The exultation of the rich in the success of the expedient they had adopted was short-lived. Tiberius changed the terms of his bill to bear more directly against his adversaries, and issued an edict, in virtue of his authority as Tribune, suspending all public business until the people should have decided upon his project. But when the assembly was actually convened, the strife between the parties for and against the law ran so high, that Tiberius consented to refer it to the Senate, as if he now trusted that its usefulness, if temperately urged, would move its adversaries in its behalf. It was in vain, however, that he told them in the Senate 21 of the pecuniary losses he was himself to meet, if he succeeded; in vain he urged personal arguments and general motives in his support; he saw he had no prospect of sympathy from the Senate, or of triumph amongst the people, unless he threw off all restraints and dared to brave the laws themselves which seemed to protect the dogged selfishness of his opponents against his more charitable aims.
20 “ A grave and wise young and at present, therefore, a volunman," says Plutarch, Tib. Gr., 10. tary antagonist. Fragm. Peiresc., Plutarch says he was Tiberius's LXXXVII. friend ; Dion Cassius speaks of him 21 His discourse is in App., Bell. as an old rival, though a kinsman, Civ., I. 11.
He returned to the Forum ; tried once more to move Octavius by threats and exhortations; then declared he would appeal to the people. “ Will Octavius," he asked, “ propose that Tiberius Gracchus give in his resignation ?” Octavius refused. “ Then Tiberius will demand the resignation of Octavius”; and the Tribes were dismissed to meet again on the next day, prepared to decide whether the inviolability of a Tribune should stand in the way of justice and the regeneration of the Commonwealth. It is fair to state the question before them in terms thus strong. It is positively due, besides, to the memory of a man whose heart, as true as any in a Roman breast, knew no calmness or patience in its pulsations, to remember what we are told of the plots already formed against his life, and the dagger he already wore beneath his robes.22 The danger to his person but confirmed the resolution, already inspired by the danger to his hopes, of regarding the laws before or behind him as they ought to be, rather than as they were.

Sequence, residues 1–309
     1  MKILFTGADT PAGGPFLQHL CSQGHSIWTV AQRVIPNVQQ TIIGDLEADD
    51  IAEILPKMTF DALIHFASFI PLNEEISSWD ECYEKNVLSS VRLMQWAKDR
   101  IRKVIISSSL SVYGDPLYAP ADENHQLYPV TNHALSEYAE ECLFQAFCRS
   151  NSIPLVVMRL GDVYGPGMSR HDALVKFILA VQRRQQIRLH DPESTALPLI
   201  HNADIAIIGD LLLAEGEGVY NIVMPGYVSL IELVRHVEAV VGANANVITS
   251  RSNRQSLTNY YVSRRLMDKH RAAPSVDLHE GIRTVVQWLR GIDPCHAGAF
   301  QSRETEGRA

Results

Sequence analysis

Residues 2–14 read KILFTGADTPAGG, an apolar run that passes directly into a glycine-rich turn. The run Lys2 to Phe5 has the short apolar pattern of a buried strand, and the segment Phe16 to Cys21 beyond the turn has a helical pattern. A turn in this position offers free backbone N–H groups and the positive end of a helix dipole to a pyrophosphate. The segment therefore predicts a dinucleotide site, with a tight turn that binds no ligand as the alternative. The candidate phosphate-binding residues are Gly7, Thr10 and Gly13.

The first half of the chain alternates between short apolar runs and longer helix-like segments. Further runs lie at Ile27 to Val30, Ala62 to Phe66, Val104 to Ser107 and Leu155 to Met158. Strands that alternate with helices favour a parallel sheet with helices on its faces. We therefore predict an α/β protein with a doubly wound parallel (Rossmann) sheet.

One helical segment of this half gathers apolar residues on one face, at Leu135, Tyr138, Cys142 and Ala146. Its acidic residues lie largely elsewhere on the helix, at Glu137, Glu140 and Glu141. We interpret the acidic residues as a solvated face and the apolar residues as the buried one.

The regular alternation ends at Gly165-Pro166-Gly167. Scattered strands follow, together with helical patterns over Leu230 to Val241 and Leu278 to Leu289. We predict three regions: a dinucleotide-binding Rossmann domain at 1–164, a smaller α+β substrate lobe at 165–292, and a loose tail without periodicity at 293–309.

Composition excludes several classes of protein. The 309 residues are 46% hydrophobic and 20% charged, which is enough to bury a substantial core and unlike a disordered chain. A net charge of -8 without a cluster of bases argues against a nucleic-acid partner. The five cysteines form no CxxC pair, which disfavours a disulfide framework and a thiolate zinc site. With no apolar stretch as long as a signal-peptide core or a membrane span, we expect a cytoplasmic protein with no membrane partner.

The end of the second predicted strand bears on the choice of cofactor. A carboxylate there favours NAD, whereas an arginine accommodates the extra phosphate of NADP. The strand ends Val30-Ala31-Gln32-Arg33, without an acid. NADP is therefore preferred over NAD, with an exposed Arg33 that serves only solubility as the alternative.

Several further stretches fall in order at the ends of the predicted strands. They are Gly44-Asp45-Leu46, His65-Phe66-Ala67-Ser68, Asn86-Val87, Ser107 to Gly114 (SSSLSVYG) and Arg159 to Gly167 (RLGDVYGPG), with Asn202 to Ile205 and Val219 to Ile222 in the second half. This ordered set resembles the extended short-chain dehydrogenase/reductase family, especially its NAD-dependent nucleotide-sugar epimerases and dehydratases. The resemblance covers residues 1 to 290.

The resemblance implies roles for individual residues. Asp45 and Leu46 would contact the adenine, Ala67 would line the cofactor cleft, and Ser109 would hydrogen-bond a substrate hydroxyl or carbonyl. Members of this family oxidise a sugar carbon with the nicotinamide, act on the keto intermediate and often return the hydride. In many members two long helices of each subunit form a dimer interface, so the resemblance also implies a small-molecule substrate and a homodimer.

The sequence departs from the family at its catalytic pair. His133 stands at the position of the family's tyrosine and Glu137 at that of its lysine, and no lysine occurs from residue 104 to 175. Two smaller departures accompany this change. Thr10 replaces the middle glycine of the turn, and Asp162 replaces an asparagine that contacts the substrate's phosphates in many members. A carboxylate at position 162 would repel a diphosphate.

A greater crowd poured into the Forum on the following day, and with more divided opinions. Many of the warmest friends Tiberius Gracchus had must have come full of apprehensions that he was hurrying too fast to draw any cause after him to its advantage; but there were more, undoubtedly,
22 Plut., Tib. Gr., 10.
amongst his nearest connections to excite than to restrain him; and if the night or the morning had been spent by some in urging their remonstrances against his course, others had thronged his house to bid him be of good cheer against his adversaries, though the whole college of Tribunes should unite with them and their champion. While the partisans of the reformer, however numerous, were thus opposed to one another, his antagonists appeared with serried and deepened ranks, in which a large number, who had hesitated about supporting either side, were now arrayed, determined, they said, by the measures Tiberius threatened to pursue. He rose before the assembly, excited, yet resolved, first to entreat Octavius that he would retract his veto, and then, as this was more vainly attempted than before, to address the people and propose the deposition of his colleague for contempt of their will and defiance of their necessities. The Tribes began to vote; one after another, up to seventeen, declared their consent to the proposal; another Tribe voting the same way would make a majority, and decide the question; when Tiberius, pale, perhaps, and surely agitated, called out that the proceedings should be stayed. The people could scarcely fear, much less could the rich men and their retainers hope, that he repented of his design; but all eyes turned with anxiety to the rostra where the Tribunes sat, and where Tiberius stood, with arm uplifted, as he motioned to have the voting cease. It was not to recall the Tribes which had decided, nor to urge those which had